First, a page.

Dr Hegde's work -Malenadu Adhyayana- is a study of the rainforests of Western Ghats concentrating on the Malenadu-Hilly region of Karnataka. It studies wide-ranging aspects of the South Asian monsoons that have ramifications not just for South India but the entire Southern Hemisphere and is a part of the world rain eco-system. Dr Hegde has also led a struggle against the eviction of tribals from the Kudremukh National Park which had attracted national-level attention. He also presided over the Sringeri taluk Kannada Literary festival. Excerpts from an interview with The Hans India at his house in Sringeri.

Your study 'Malenadu Adhyayana' sheds light on the rainforest ecosystem and its global spread and manifestations. What does it recommend?

Dr Hegde: This rain system has a history of over 20 lakh years. This rain ecosystem is as important and as old as the Himalayas both having great significance to the world weather and rainfall. These 100 days of rain is like the elixir of life not just for humankind but also for an entire gamut of life forms, plant and tree diversity. I have found on my many trips into the deep Western Ghats that even tree species of the Jurassic period are still present of course in a mutated form there are scientific evidence to believe that the South Asian Monsoons had wider importance to the world ecology".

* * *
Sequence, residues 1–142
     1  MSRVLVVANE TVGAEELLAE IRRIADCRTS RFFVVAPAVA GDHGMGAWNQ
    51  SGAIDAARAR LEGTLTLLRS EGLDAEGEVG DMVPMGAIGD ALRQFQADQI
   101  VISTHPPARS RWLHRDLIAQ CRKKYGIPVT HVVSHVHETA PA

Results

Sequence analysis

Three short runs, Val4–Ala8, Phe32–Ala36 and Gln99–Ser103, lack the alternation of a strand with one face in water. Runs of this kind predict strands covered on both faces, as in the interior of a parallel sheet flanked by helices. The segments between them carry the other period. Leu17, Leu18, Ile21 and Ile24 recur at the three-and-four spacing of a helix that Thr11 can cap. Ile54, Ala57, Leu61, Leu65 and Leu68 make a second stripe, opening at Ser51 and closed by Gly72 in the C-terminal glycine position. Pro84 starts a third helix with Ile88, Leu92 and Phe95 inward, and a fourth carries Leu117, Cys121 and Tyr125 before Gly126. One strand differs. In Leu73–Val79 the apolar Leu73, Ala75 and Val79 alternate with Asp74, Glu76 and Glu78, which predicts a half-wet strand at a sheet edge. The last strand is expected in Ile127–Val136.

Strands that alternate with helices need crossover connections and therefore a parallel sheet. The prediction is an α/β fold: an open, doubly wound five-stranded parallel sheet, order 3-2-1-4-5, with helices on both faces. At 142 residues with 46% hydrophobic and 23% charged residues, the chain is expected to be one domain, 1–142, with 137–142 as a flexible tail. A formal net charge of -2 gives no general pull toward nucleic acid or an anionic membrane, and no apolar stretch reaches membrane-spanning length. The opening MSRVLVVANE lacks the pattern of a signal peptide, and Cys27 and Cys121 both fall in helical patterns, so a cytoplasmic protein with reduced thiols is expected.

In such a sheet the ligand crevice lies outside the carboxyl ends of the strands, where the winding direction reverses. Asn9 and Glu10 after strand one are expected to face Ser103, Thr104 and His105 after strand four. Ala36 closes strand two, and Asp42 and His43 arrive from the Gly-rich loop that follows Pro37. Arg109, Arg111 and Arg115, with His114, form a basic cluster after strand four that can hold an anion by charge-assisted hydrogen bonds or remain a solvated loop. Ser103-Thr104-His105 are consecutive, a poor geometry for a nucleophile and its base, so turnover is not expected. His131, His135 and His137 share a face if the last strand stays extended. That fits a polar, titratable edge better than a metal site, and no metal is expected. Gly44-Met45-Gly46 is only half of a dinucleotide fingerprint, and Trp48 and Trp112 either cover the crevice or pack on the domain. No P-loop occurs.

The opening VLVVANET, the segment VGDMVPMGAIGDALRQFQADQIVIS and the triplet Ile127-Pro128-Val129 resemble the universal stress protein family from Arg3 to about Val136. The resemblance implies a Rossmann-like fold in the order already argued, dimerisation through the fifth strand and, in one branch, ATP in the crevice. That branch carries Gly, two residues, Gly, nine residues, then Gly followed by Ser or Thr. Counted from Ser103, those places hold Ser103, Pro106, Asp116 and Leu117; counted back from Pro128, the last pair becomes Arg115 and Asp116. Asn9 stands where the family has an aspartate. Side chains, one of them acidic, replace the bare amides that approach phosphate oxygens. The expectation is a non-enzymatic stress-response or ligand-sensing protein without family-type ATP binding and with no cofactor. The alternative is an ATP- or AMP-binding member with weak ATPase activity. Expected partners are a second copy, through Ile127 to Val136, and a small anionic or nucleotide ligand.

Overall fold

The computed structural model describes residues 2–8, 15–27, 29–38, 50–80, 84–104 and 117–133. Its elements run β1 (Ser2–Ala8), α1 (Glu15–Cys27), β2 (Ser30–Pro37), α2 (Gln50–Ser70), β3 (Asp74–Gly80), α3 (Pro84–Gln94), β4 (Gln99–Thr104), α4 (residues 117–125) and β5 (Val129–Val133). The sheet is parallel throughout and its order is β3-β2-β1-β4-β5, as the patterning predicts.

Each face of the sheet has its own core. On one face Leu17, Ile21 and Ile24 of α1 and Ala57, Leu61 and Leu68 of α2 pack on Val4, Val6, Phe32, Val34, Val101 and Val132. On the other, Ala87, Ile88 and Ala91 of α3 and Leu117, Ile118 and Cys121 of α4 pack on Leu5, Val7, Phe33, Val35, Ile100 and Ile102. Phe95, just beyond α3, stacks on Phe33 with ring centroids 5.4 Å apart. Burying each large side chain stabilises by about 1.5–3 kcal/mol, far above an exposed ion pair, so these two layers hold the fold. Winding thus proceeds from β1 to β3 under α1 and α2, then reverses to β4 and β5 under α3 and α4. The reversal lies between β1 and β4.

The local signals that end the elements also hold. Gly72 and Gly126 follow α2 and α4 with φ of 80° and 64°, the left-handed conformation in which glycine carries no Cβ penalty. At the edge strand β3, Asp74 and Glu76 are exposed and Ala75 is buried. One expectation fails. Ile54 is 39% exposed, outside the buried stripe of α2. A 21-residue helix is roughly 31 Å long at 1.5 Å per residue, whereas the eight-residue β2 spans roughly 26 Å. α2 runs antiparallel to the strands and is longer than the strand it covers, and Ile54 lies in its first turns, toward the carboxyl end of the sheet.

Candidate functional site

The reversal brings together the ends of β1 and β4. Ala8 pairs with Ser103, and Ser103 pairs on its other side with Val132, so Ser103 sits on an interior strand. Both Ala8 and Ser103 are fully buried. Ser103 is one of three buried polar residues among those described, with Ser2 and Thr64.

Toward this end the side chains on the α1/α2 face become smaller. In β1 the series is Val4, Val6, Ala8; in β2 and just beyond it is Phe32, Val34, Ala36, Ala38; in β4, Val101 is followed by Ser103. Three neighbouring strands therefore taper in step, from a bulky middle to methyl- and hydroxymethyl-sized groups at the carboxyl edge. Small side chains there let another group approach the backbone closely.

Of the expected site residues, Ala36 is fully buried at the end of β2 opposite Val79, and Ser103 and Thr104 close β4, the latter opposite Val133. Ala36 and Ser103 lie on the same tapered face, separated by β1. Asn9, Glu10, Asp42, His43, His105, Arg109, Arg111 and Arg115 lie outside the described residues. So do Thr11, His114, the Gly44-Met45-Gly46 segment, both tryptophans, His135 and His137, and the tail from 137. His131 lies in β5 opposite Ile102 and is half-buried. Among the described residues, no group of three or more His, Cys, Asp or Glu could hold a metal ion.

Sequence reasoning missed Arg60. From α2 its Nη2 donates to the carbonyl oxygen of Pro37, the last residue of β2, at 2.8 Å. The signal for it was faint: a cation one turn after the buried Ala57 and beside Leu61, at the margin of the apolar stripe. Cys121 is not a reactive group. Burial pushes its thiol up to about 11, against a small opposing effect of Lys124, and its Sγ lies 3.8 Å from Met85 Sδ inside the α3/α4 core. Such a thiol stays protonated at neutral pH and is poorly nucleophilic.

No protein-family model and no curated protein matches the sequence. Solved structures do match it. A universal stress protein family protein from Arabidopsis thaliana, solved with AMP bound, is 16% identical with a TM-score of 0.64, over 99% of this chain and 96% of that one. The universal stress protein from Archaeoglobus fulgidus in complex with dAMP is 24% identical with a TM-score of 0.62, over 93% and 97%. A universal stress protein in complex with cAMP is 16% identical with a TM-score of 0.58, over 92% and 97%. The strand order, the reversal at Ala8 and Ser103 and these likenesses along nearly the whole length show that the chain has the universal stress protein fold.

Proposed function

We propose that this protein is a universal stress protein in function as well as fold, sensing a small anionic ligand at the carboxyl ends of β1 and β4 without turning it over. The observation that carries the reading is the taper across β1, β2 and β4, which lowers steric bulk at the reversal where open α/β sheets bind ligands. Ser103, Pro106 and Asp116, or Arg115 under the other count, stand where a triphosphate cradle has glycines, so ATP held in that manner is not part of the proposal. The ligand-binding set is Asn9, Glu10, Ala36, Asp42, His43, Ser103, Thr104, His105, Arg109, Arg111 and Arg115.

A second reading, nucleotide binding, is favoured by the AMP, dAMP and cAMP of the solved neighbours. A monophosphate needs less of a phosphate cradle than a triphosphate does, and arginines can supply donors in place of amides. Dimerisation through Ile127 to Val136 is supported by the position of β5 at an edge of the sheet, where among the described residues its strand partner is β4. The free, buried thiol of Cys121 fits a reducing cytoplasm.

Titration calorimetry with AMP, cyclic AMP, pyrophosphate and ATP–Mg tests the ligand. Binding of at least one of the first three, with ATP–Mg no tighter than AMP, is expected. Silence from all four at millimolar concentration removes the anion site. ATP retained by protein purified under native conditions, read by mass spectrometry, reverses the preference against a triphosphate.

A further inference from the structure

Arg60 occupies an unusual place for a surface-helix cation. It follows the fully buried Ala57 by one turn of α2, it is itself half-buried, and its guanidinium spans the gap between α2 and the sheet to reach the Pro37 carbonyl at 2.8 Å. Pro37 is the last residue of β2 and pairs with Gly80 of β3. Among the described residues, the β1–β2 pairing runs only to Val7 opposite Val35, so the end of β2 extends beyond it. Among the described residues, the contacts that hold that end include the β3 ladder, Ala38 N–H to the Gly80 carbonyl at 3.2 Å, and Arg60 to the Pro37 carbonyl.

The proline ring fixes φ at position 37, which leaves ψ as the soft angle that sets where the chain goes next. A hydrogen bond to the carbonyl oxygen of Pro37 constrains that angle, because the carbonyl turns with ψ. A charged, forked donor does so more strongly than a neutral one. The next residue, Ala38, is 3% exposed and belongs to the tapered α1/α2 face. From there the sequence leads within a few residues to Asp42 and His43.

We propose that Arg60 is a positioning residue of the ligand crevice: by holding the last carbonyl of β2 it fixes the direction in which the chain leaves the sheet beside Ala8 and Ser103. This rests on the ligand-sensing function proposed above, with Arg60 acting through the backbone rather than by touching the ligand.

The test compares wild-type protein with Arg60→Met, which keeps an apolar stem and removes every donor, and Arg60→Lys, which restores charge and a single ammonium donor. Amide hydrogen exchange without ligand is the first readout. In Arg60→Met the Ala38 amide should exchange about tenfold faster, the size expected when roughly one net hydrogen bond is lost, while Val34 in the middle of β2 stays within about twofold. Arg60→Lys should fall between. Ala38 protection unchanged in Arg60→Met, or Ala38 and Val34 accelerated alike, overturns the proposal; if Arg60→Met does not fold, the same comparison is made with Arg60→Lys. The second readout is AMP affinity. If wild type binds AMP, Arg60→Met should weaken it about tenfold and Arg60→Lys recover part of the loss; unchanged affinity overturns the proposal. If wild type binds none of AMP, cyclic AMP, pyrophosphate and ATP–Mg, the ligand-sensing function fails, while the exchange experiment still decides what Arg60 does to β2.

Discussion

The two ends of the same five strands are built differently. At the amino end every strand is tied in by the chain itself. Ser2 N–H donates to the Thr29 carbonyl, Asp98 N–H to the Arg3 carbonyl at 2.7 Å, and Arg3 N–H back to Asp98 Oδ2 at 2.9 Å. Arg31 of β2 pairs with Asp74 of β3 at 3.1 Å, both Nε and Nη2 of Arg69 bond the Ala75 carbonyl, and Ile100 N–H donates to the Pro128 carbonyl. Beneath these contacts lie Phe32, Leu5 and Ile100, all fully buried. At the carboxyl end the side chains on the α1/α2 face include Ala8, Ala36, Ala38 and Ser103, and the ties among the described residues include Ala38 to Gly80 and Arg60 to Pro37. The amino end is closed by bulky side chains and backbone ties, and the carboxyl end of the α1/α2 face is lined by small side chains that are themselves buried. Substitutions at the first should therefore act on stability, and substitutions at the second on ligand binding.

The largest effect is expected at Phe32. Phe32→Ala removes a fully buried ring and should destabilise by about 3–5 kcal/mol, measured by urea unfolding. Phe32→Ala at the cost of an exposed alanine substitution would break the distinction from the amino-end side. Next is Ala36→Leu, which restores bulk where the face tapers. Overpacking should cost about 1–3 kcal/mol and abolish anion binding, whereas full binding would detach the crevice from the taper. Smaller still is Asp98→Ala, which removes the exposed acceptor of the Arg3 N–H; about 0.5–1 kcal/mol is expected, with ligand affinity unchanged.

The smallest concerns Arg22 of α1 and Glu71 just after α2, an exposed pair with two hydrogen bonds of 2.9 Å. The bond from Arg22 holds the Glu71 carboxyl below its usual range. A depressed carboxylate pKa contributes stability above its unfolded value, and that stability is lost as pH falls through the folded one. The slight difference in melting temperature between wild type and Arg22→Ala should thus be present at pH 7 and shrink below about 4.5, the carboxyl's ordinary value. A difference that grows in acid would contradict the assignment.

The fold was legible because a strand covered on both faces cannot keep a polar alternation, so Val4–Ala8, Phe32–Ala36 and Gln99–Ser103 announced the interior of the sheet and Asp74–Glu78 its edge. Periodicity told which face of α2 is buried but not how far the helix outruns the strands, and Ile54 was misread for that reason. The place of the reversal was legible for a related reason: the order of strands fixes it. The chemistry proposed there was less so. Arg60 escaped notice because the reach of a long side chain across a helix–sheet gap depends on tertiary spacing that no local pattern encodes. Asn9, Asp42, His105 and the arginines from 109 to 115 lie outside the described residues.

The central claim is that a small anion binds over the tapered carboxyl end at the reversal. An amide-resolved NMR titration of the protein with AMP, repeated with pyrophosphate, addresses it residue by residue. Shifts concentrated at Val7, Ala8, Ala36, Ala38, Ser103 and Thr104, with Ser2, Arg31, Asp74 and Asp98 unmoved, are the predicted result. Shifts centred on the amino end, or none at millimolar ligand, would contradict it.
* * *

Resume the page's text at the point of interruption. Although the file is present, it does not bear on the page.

"I have studied the rainfall pattern for 125 years between 1895 and 2020. Also, the variations, spread and their effect on not just vegetation but also on the culture of the human beings staying inside the rainforest complex of Malenadu. My study might have examined a micro area when compared to the world ecology, but a similar parallel is found in the Amazon rainforest complex of Brazil where it is established directly to be correlated with the extent of the green cover and the survival of the biodiversity.

If we see the spread of biodiversity starting from the Pangea period and later to the Jurassic period and to our modern world, the environment and ecology had taken root on a single landmass and later evolved into different weather systems after the continental drift that makes it plausible that the global rainfall pattern with examples of Southwestern monsoons and the one we see in Amazon rainforest complex are the two identical rainfall systems, both are now two of the largest rainforest ecosystems".